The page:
Two New Exhibitions At The Ashburton Art Gallery
The team at the Ashburton Art Gallery are excited to see the opening of two new exhibitions this Wednesday the 12th of August that combine the skills of local artists with the lyrical and painterly magic of one of New Zealand’s art laureates.
The local members of the Ashburton Creative Fibre Group will be celebrating their golden anniversary with the exhibition Celebrating Fibrecrafts, a showcase of both natural fibre and the creativity and skills of those who use it.
The Ashburton Creative Fibre Group (formerly Ashburton Spinners and Weavers) was formed in July 1970 and currently has around 50 members. These members are skilled in a range of fibre-related techniques, such as spinning, dyeing, weaving, needle crafts and felting, and actively encourage the use of traditional skills. This exhibition will feature handcrafted garments and articles, all created from natural fibre. Visitors will also gain insight into processes and fibre preparation, as well as various fibrecraft techniques.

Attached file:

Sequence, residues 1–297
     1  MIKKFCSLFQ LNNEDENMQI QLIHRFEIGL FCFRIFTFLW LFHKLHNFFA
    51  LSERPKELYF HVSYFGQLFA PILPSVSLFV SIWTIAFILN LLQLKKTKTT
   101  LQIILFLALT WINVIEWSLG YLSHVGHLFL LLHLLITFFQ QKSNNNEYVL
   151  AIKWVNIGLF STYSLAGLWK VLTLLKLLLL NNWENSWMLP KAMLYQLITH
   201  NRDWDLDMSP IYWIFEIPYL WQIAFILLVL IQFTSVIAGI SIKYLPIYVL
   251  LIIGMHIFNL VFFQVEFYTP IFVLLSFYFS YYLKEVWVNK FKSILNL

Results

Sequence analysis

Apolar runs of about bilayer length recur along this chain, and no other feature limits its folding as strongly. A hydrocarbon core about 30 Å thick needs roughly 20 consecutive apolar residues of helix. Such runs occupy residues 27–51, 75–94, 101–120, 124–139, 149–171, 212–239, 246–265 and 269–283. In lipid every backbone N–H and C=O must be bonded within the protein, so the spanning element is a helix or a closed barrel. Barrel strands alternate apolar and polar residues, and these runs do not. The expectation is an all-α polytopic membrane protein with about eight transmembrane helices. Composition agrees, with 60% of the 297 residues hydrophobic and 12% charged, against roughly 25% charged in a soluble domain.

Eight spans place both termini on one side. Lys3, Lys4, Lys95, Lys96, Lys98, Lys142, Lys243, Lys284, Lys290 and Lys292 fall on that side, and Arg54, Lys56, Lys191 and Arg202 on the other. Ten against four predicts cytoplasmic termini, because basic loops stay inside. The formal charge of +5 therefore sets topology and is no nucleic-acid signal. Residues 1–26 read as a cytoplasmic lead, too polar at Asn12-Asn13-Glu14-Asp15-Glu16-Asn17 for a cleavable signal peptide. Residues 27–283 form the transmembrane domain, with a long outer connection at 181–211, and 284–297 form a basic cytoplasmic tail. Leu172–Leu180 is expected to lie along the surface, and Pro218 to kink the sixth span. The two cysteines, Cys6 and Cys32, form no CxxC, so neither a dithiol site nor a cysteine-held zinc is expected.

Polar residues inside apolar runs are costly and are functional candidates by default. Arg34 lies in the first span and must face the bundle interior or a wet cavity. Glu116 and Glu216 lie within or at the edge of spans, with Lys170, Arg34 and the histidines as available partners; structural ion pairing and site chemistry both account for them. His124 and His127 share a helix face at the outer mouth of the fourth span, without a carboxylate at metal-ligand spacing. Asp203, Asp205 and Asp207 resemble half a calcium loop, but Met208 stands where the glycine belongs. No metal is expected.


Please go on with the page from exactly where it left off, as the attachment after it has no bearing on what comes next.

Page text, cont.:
The second new show opening on Wednesday, The Wading Birds of Drybread, will feature work by prominent New Zealand artist, Gregory O’Brien. O’Brien’s works may be familiar to Ashburton residents as he contributed to the Ashburton Art Gallery’s 2018 show The Water Project.
In 2018 the Wellington-based artist and writer, and his wife, poet Jenny Bornholdt, lived and worked in the Henderson House, Alexandra. Having spent much of his life until then near the coast and usually within sight of the sea, the move to Central Otago opened up a new territory. Based in Alexandra, a few kilometres from the furthest point in New Zealand from the ocean, he and his wife became the seemingly displaced ‘wading birds’ in the exhibition title (the ‘Drybread’ in the title is a settlement not far from Alexandra.) The works in the first part of the exhibition are an account of how the year in the region was spent.
The second part of this exhibition extends beyond the South Island to revisit Raoul Island and the Kermadec waters. The works attest to time spent at Meretoto/Ship Cove, Aniwaniwa and beside Te Whanganui a Tara/Wellington Harbour. In the artist’s mind, the movement the paintings trace through space and time is both ecological and autobiographical.
The opening of these two unique exhibitions will begin at 6pm and will be accompanied by a floor talk by Gregory O’Brien and Jenny Bornholdt.